I’ll jump in here. I know I’ve probably told the story over the years, but I’ll rehash a bit
I always trained because I loved it, nothing more. Yes I probably did much more research than the average gym rat, but at the end of the day, that’s just how I am. Everything I’ve ever decided to dedicate time to, I went above and beyond to learn as much as I could about it.
So at a seminar on training and nutrition in Jersey, I met Steve Downs (former editor of Natural Bodybuilding & Fitness magazine), and Jim Cordova (multi-Universe Winner along with countless Pro titles over the years). After the presentation, I struck up conversations with both gentlemen that went beyond the usual “thanks, I learned a lot” comments.
Neither could believe that I had never competed before, which was odd to me, because despite having trained for well over a decade by this point, I hadn’t ever really weighed my own development against the guys in the mags because they just seemed so far ahead of anything I saw in the gym.
Well, Jim is not only a champion on stage, but a first class gentleman. We ended up emailing, and he was more supportive than I ever would have thought. Steve Downs emailed me as well, asking for a little feedback on his presentation, and told me point blank that he felt I could do “serious damage” if I ever decided to get onstage (he also put me in the magazine even though I hadn’t even competed!)
So I kicked the subject around with my training partner at the time, and decided that despite already being “the guy” in the gym that people seemed to always come to for advice, this really would be the acid test to whether I was just blowing smoke out my ass repeating what I had read, or heard other people say, or if I truly understood how the pieces of the puzzle all fit together.
I found a couple of shows that were drive-able, and weren’t too soon, giving myself what seemed to be enough time based on what I’d read. In hindsight, I was very lucky that even though I always played myself down a bit, I did have a serious handle on a lot more info than many first time competitors do. Add to that the fact that I could e-mail Jim and it was a great situation. During this time, I also reached out to another Pro I looked up to, Brian Whitacre.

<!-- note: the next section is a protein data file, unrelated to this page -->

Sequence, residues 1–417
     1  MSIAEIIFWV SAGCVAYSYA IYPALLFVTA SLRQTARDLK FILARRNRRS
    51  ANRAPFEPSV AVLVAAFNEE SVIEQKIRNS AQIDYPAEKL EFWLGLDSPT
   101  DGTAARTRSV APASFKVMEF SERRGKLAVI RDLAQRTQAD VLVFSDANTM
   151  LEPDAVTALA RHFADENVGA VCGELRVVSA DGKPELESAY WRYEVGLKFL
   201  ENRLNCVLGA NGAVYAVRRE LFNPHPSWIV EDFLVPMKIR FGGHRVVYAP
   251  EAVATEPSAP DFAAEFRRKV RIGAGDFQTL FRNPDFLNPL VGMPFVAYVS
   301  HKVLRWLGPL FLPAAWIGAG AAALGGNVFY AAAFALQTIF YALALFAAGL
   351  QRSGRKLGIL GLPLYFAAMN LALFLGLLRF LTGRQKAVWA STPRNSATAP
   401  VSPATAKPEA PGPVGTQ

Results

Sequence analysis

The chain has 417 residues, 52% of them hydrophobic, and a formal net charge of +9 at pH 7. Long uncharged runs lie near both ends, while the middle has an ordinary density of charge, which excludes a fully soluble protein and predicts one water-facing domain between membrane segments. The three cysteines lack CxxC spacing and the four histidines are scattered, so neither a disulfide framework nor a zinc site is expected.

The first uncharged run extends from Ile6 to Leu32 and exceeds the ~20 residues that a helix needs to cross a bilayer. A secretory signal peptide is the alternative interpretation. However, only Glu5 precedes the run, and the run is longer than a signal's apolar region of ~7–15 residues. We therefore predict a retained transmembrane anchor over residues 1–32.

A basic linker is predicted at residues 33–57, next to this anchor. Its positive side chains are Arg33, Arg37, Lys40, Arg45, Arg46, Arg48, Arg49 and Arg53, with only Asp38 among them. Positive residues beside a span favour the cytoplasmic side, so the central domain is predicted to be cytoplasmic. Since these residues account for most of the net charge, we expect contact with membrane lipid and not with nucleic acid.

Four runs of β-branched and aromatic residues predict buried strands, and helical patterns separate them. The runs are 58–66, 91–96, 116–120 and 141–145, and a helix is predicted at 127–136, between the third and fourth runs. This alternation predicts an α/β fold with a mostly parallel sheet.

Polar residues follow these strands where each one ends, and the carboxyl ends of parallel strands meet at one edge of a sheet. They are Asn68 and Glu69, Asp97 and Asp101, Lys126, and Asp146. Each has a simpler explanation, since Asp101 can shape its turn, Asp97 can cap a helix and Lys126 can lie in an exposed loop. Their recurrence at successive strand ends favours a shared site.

Just like Jim, Brian was first class all the way. Neither guy ever tried to get me as a client, or guilt me into offering payment or anything. They weren’t training me, or even making suggestions, it was more of them really just verifying what I was doing, which certainly gave me much more confidence than I might have had otherwise.
The day of that actual first contest, watching other competitors strip down to weigh in, I had some serious second thoughts. These guys looked like bodybuilders. They had muscles, cuts, everything just flowed together, not just in an imposing manner, but in an artistic way that conveyed much more intention than just an “I’m gunna get hyooge” approach to their training.
Luckily, my boy Corey wouldn’t let me wiggle out of it. I had done too much work, suffered too much, and however the chips fell, I should be proud of what I had done.
Now, to skip over stretching this out too much, yeah, I did well, very well. Well enough to have judges approach me afterwards asking what my next show was to be, how long I had been training, and even did my first interview with an online magazine. BUT, even then, I had a very skewed perception of what I looked like.
When I stepped out for that first class (I entered 3), and I was left all the way on the left of the stage, it wasn’t because I was so bad, it was because I was easily ahead of the rest of the class! I just couldn’t see it! So when people ask, how did you know you were ready,… well, I guess I didn’t. I competed because I felt deep down that it would be a good experience for me, not because I had any serious thoughts of winning, or even doing well.
That’s why when someone comes to me with the “should I compete” question, I ask them what they want out of it. Too many people who have never gotten onstage are too quick to tell other people that it’s a bad idea, or that they’re not ready. To me, that’s just projecting your own issues on someone else’s goals.
I was coaching a 70 year old competitor the other day. He’s getting onstage in about a month and all of his kids and grand kids are coming to watch. Does he have plans to walk off with all the top hardware? No. He just wants to make himself and his clan proud of how hard he’s worked, and what he’s accomplished. To me, that’s a victory.